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Diet Drinks May Help Make You Fat

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Many years ago, before I made any serious attempt to lose weight, I opted to switch to sugar-free soft drinks and sodas because I didn’t like the sugary flavour of the normal ones, and didn’t particularly enjoy how drinking a glass of Coke left me with a furry coating on my teeth. I’ve stuck religiously to diet sodas ever since, but now it turns out that might well have been the worst thing I could do.

The news comes from two different studies presented in June at American Diabetes Association‘s Scientific Sessions in San Diego. The first study completed by the The San Antonio Longitudinal Study of Aging covered 474 people over a period of 20 years, tracking their waist circumference. Some of the group were diet soda drinkers, the rest were not.

The results were adjusted for waist circumference, diabetes status, leisure-time physical activity level, neighborhood of residence, age and smoking status at the beginning of each interval, as well as sex, ethnicity and years of education.

The results discovered that diet soda drinkers had a 70 percent increase in waist measurements! Diet soda drinkers who had more than two drinks a day experienced a 500 % increase!!!

The second study from Ganesh Halade, Ph.D., Gabriel Fernandes, Ph.D looked at mice and how the common calorie-free sweetener, aspartame, effected blood glucose and insulin levels in mice.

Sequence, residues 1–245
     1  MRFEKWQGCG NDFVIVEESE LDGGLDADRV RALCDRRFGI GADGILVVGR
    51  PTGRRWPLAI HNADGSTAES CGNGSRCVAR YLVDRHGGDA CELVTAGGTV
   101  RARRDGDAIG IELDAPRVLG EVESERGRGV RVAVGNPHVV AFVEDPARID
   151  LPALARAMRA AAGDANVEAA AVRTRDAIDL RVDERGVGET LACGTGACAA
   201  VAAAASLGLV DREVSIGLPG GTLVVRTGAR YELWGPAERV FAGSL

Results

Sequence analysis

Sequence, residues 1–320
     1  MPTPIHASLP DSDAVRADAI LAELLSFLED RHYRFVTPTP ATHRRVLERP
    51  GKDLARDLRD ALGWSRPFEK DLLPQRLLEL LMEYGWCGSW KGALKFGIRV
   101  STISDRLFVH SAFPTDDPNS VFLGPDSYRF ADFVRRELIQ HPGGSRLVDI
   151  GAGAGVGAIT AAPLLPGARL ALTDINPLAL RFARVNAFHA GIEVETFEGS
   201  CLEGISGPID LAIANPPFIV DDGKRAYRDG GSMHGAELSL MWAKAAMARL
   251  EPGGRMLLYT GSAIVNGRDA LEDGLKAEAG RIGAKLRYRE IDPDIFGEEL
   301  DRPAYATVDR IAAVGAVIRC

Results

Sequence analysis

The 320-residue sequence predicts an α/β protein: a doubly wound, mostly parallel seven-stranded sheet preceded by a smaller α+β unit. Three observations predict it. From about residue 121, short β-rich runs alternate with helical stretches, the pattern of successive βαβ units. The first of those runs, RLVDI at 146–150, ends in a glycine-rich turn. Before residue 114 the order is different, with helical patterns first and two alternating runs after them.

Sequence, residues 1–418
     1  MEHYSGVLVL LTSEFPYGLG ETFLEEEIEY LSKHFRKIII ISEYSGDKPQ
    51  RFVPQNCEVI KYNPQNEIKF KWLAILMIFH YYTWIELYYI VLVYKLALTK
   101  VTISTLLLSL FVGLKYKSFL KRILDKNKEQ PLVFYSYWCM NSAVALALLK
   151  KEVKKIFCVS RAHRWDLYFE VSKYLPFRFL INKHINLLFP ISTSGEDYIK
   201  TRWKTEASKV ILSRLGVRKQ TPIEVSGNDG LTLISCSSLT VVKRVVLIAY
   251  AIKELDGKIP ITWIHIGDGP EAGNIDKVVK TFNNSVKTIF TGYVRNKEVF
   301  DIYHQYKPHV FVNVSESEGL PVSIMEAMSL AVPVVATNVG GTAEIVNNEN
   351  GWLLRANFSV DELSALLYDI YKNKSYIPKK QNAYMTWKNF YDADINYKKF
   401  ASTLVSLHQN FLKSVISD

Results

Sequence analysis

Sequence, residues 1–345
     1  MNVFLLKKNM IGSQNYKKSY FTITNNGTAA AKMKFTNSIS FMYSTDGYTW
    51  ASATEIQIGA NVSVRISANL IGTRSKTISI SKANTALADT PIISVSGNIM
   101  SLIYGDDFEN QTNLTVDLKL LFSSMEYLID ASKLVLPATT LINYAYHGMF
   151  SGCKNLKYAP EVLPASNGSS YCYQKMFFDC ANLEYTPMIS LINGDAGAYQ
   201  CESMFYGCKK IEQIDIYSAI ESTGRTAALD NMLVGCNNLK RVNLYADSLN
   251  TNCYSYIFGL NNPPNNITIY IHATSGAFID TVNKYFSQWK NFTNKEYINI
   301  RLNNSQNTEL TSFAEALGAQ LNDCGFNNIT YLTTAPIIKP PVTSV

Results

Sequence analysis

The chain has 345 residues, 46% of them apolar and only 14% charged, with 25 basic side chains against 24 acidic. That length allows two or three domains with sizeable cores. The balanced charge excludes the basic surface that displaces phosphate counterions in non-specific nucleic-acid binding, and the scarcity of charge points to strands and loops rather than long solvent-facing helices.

What they found was that sustained exposure to aspartame substantially increased the risk of the mice developing diabetes by throwing out the body’s normal glucose/insulin balance. Effectively, although the sweetener has no calories, it still has the same effect on the body as the food or drink would if it had sugar. Aspartame-laden diet sodas could well increase human incidence of diabetes as well.

While I’m not one to automatically jump when a story like this comes up, the 20 years of research does carry a lot of weight (no pun intended).

So the news for diet soda – at least in my household – is not good. And although this is purely my own anecdotal evidence, I did begin to put on weight steadily once I made that shift to sugar-free drinks. I might now just make the shift to water. It’s better for me in more ways than one.

Although I might still have my favourite soda from time to time :-)

 

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One Comment

  1. Allegra says:

    It’s the hidden ‘sugar/ effect’ which gets us … because we then easily justify having it more often when we’re led to believe it’s supposedly better for us … or the healther option.

    I’m quite surprised here, as I’ve known this info for some time (but not sure why/ from where) … and thought you did too, but had merely chosen to ignore it ;)

    Aspartame has been on the hit list for a long time, and is another reason why I don’t like having sugar replacements such as Equal (the main reason being that I know that I should have water over a soft drink every time, so don’t wish to get into the habbit of having it).

    There is a sugar ‘replacement’ called Xylitol which is meant to be a lot better for us than those which contain aspartame (http://en.wikipedia.org/wiki/Xylitol).

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